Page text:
As shown in FIGS. 23A to 23D, in case that the controlled vehicle approaches the preceding vehicle from a far place, the slow response characteristic is employed. Therefore, after the catch up of the preceding vehicle, the controlled vehicle starts to deceleration so as to slowly converge the vehicle-to-vehicle distance L to the target vehicle-to-vehicle distance L* when the vehicle-to-vehicle distance L is 70 m. Certainly, the deceleration of-the vehicle is small, and therefore the impact applied to a vehicular occupant becomes small.

Further, as shown in FIGS. 24A to 24D, since the vehicle-to-vehicle distance during the follow-up is 40 m; the quick response characteristic is employed. Accordingly, the deceleration is started just after the trusting-in, and therefore the over approach with the preceding vehicle is prevented and the vehicle-to-vehicle distance L is quickly converged into the target vehicle-to-vehicle distance L*.

Thus, by quickly responding to a case that the vehicle-to-vehicle distance L is short such as the cut-in of other vehicle during the follow-up, and by slowly responding to a case that the controlled vehicle VE approaches a distant preceding vehicle, the characteristic fitted with the vehicular occupant feeling is ensured.

The above mentioned embodiment has been shown and described to have an automatic brake control executed by the braking apparatus 6 such that the actual vehicle speed follows every vehicle speed command value, that is, the deceleration of the vehicle VE is idealistically realized. However, in case that such automatic brake control is not employed, some required deceleration cannot be achieved only by an engine brake. Therefore, the controlled vehicle may overly approach the preceding vehicle. That is, if the controlled vehicle VE does not equip the automatic brake control, it is impossible to fix the first and second gains fv and fd as conventionally. Therefore, by changing the first and second gains fv and fd according to the vehicle-to-vehicle distance, optimum response characteristic is always ensured.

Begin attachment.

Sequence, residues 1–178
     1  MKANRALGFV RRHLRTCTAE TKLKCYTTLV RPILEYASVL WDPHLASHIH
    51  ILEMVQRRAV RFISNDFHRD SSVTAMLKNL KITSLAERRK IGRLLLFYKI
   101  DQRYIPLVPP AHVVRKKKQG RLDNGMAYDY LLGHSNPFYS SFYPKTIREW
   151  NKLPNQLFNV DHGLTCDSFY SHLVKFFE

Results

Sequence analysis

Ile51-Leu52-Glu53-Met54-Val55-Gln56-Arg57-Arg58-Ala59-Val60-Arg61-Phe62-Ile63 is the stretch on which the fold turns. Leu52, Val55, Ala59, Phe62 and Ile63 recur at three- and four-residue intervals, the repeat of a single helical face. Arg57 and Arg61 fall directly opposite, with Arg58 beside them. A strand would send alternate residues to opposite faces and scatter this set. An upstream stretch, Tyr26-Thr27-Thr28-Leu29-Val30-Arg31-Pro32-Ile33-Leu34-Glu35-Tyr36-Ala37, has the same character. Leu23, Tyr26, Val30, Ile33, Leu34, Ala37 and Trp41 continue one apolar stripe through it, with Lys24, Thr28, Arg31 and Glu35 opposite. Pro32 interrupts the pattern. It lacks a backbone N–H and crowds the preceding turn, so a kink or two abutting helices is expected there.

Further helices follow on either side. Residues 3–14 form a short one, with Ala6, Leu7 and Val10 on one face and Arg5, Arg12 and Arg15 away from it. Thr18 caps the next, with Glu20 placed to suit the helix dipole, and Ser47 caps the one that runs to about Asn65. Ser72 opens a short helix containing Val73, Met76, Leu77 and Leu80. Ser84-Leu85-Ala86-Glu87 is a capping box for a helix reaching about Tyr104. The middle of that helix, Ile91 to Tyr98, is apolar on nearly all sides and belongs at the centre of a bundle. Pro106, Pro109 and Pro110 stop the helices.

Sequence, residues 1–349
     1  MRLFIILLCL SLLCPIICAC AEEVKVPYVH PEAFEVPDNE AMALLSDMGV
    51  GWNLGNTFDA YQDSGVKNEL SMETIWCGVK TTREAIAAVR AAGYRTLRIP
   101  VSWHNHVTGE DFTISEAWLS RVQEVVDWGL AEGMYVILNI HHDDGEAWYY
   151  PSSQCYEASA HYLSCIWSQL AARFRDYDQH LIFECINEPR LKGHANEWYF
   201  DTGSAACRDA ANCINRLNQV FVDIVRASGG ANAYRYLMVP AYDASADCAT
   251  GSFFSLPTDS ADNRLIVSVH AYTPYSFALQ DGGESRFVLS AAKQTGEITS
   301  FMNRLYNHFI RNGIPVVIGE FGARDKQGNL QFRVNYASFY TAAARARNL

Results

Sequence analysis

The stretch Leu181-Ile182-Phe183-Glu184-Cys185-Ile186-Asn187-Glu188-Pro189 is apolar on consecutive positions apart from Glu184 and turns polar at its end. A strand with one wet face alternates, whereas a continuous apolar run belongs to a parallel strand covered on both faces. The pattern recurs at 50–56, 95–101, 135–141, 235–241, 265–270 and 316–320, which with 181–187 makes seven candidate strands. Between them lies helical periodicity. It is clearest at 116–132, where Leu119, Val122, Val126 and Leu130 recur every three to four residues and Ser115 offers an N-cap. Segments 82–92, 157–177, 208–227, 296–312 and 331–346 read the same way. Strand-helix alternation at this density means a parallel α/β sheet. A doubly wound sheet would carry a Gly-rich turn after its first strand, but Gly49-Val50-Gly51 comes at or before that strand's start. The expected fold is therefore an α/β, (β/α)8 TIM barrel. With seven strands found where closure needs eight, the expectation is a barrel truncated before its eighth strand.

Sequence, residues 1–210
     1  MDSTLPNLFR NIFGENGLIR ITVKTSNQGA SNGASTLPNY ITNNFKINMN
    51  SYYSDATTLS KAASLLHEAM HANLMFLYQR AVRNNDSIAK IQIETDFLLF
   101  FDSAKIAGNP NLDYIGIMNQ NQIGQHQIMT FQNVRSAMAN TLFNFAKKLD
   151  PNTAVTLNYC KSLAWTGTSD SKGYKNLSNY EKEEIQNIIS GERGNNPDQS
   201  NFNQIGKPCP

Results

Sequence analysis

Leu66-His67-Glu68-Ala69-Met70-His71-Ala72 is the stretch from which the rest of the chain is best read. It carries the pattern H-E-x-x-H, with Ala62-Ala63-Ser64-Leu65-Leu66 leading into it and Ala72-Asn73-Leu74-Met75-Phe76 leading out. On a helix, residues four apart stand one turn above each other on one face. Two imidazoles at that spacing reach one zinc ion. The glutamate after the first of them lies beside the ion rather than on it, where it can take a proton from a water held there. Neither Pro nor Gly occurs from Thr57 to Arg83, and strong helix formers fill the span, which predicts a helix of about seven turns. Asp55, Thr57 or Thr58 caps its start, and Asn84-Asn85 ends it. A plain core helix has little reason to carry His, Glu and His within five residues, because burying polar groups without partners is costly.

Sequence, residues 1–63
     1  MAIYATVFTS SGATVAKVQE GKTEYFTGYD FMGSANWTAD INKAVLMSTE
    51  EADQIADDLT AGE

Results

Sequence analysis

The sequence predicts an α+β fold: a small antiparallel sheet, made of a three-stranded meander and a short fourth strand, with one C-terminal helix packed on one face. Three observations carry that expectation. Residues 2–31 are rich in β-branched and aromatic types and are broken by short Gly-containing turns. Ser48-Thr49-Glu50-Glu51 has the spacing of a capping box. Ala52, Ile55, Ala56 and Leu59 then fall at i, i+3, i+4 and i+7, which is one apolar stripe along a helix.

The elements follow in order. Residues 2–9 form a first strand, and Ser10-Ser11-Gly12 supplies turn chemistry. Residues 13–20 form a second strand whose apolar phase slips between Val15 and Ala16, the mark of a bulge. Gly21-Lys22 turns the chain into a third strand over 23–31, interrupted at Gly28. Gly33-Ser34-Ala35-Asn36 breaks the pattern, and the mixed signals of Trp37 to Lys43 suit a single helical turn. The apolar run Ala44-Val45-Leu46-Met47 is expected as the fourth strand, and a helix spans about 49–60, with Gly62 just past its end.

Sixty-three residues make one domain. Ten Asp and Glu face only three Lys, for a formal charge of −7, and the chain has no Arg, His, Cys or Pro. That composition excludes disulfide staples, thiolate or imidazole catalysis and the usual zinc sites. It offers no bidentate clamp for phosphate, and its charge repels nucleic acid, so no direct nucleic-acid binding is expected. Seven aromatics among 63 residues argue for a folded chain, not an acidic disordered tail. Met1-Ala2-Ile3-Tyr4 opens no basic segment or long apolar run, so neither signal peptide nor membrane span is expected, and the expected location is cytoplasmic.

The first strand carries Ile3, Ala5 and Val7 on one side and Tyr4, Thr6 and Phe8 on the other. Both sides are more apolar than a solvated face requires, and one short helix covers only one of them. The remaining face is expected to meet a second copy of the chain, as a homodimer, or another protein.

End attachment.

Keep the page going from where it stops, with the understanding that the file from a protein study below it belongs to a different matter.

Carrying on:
Although the above mentioned embodiment has been shown and described to employ the gain scheduling, it will be understood that the gains may be changed into two-steps or several steps according to the vehicle-to-vehicle distance.

In the construction of the embodiment, the vehicle-to-vehicle distance sensor head 1 and the signal processing section 11 constitute vehicle-to-vehicle distance detecting means, the relative speed calculating section 501 constitutes relative speed detecting means, the target vehicle-to-vehicle distance setting section and the vehicle-to-vehicle distance control section constitute vehicle speed calculating means and gain changing means, the vehicle speed sensor 2 and the vehicle speed signal processing section 21 constitute a controlled vehicle speed detecting means, and the vehicle speed control section 51 constitutes vehicle speed controlling means.

According to the second embodiment of the preceding vehicle follow-up control apparatus according to the present invention, since the first and second gains for calculating the target vehicle speed are changed according to the vehicle-to-vehicle distance, it is possible for the preceding vehicle follow-up control apparatus according to the present invention to perform an optimum response characteristic even in any situations.

Although the preferred embodiments have been shown and described-such that the radar type vehicle-to-vehicle distance sensor head 1 measures the vehicle-to-vehicle distance L, it will be understood that the vehicle-to-vehicle distance L may be measured by a device employing electric wave or ultrasonic wave.

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Classifications
U.S. Classification342/70, 342/72, 340/903, 342/71
International ClassificationB60K31/00, G08G1/16
Cooperative ClassificationB60K31/0008, G08G1/16
European ClassificationB60K31/00D, G08G1/16
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Owner name: NISSAN MOTOR CO., LTD., JAPAN